They're out there carrying field guides and baskets, lurking in the parks and open land of the East Bay hills and flinching every time they hear a car roll by. They're poaching wild mushrooms from public land, and a crew of armed officers is hunting for them.
The officers and their prey are locked in a thorny battle over the uses of public land and the environmental impacts of mushroom harvesting. The chanterelle pickers call their hobby a right; the officers who bust them call it a crime. Biologists tend to side with the thieves, but they're not making the rules. Meanwhile, rumors fly that the rangers hunt fungi themselves or eat the confiscated mushrooms back at the station, and law-abiding citizens wonder where they can gather wild food without risking a hefty fine. Where's a hungry, modern-day hunter-gatherer to turn for sustenance?
Not the East Bay Hills, apparently.
The East Bay Regional Parks District and East Bay Municipal Utility District each employ a phalanx of rangers whose duties include educating the public and protecting their respective agencies' lands, which together cover an area about one-fifth the size of Rhode Island. The rangers can call in mushroom offenses to the 72 gun-toting Park District officers, who are authorized to issue citations.
"We know all the best spots from busting people," said utility district Ranger Naturalist Joe Scornaienchi. "It's just standard practice, you can't take any plants, animals or anything."
The park cops take their responsibility seriously. "Looking for mushroom hunters is part of the routine patrol," said watch commander Lt. Wayne Morimoto. "We prioritize issues that relate to public safety or theft or vandalism."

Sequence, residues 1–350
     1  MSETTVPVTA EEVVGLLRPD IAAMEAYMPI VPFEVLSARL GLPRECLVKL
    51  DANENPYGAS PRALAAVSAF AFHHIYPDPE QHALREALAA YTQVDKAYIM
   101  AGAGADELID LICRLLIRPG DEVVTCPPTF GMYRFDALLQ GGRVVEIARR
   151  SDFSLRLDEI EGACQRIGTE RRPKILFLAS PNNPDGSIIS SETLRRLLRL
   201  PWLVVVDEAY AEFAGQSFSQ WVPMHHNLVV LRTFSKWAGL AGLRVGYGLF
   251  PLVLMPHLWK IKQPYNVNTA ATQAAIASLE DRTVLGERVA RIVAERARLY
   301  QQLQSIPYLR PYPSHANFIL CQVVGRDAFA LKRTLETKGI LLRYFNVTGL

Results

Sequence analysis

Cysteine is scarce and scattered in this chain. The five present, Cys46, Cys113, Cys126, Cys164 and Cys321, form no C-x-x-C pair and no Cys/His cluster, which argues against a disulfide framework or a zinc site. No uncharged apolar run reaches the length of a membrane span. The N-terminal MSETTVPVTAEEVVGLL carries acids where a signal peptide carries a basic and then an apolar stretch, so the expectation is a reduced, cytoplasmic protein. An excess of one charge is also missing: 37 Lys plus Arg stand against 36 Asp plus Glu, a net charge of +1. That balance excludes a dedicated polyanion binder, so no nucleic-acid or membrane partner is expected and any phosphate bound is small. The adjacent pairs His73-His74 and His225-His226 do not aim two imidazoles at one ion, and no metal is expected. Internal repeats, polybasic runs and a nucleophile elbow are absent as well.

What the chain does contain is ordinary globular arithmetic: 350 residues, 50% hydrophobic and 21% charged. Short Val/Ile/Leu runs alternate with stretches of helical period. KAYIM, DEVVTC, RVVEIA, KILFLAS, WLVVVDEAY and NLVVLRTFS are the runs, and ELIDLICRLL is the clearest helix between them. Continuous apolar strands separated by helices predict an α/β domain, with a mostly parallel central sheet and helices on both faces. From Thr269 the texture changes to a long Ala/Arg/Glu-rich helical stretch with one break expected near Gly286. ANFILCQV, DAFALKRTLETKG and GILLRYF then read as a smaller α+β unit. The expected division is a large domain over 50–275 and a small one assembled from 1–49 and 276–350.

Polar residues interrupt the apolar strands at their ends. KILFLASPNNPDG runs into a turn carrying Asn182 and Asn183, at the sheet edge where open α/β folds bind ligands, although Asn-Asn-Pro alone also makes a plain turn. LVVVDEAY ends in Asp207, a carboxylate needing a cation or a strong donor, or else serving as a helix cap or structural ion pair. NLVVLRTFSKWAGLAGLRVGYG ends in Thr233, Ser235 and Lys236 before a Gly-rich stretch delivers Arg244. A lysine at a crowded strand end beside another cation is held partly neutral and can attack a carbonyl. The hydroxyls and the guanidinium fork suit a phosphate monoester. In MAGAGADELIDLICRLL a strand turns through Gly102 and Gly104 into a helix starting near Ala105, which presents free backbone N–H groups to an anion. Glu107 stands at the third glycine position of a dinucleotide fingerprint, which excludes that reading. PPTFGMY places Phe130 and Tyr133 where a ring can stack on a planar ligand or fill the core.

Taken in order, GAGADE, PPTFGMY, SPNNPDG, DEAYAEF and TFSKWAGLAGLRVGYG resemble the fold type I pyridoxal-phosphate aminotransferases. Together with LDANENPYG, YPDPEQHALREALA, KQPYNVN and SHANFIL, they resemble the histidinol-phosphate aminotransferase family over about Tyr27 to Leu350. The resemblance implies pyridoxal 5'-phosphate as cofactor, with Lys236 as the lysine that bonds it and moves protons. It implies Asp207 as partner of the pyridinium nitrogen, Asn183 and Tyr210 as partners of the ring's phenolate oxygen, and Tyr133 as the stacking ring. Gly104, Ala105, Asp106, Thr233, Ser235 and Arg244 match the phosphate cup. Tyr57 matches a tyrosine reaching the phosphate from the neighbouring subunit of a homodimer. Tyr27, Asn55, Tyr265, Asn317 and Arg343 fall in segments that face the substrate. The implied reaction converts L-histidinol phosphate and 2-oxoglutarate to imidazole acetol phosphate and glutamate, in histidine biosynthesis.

Mushroom hunters don't see their hobby like that. "All that land, East Bay MUD, East Bay Regional Parks, even UC Berkeley land, that's our land," said Charlie Hallowell, chef and owner of Oakland's Pizzaiolo restaurant. "That's public land, right? That's what I'm paying taxes for, right? Part of the natural bounty that exists here is these wonderful mushrooms. There's a reason they're so delicious. They want us to eat them!" Chanterelles are a standard topping on Hallowell's gourmet organic pizzas and he is an avid mushroom hunter.
"It's horrible," agrees Mark Lockaby, two-time vice president and president of the Mycological Society of San Francisco, the country's largest collection of mushroom maniacs. "We're the laughing joke of the world. People have always foraged for food. Everywhere in the world people do this, most places in the country too. California is the only place in the country with such strict regulations. Some Scandinavian countries allow you to hunt for mushrooms and berries on all lands, public and private. It's actually a constitutional right."